40 years ago, there was a global plea from China to save it’s endangered species Ailuropoda melanoleuca, better known as the black and white bear we have come to love, the Giant Panda. Now, 40 years later pandas are no longer endangered, but are they still in harms way?
Absolutely. Panda populations in the 1960s reached near-extinction levels and the Chinese government took extensive measures to protect large areas occupied by pandas. Logging and poaching were their main enemies before this preventive measure. Teddy Roosevelt’s two sons were the first Westerners to ever kill a panda in 1929. About 250 woody bamboo species have less than 2,000 square kilometres of forest remaining within their ranges. Currently, criminal punishment which can lead to the death penalty has reduced the activity of poaching. Instead of poaching, habitat fragmentation, climate change, and a loss of biodiversity have taken the role of limiting increase of their population. The life cycle of bamboo especially make it susceptible to rapid deforestation, with each individual flowering once every 20 to 100 years, eventually dying. The IUCN predicts 35% of bamboo forests in China will succumb to climate change in the next 80 years.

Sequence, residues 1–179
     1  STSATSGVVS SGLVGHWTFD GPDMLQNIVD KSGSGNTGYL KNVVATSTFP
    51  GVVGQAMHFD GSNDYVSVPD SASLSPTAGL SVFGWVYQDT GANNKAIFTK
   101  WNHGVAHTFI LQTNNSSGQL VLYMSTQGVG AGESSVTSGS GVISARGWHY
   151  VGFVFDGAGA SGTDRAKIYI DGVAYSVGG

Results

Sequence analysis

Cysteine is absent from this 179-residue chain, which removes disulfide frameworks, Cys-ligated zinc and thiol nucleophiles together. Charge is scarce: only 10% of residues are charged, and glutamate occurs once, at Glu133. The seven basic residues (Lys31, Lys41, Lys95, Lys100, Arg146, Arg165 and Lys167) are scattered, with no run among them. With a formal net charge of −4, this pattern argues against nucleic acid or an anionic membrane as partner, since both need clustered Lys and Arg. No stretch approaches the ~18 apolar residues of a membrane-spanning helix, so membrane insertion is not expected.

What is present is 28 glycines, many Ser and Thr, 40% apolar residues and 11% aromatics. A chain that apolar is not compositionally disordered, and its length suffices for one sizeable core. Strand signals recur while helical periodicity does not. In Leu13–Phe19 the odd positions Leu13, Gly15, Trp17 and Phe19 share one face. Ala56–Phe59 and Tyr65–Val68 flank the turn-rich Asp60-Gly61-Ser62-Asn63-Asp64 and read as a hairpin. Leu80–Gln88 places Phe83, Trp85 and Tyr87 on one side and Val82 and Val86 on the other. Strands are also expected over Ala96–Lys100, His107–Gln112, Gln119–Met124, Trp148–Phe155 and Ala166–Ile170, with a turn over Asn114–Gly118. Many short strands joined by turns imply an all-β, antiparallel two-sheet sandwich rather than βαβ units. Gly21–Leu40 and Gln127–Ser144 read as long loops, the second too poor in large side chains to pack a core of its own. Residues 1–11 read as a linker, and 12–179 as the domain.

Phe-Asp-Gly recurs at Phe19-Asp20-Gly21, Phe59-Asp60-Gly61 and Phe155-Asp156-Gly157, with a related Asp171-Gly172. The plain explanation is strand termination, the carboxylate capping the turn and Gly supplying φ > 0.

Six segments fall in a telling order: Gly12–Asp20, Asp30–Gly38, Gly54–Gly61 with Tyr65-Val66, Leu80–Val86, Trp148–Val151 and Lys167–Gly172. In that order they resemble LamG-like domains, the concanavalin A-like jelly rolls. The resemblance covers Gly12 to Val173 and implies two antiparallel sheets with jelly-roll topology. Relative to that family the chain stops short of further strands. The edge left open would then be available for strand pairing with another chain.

What can be done? Bamboo forests can slowly be introduced into areas similar to the mountain range they currently inhabit, such as the Qingling Mountains in Shaanxi province. A loophole in Chinese law allowed prohibited logging to occur under the guidance of China’s forestry department. This loophole should obviously be dealt with as soon as possible, as over half of the bamboo forest pandas and many other species inhabit are gone.
Endangered is just a word, and ‘threatened’ is just as bad as ‘endangered’. Numbers are up from 1,596 in the 1960s to 1,864 in 2014. An increase is an improvement, but there’s a long way to go before our concerns go away.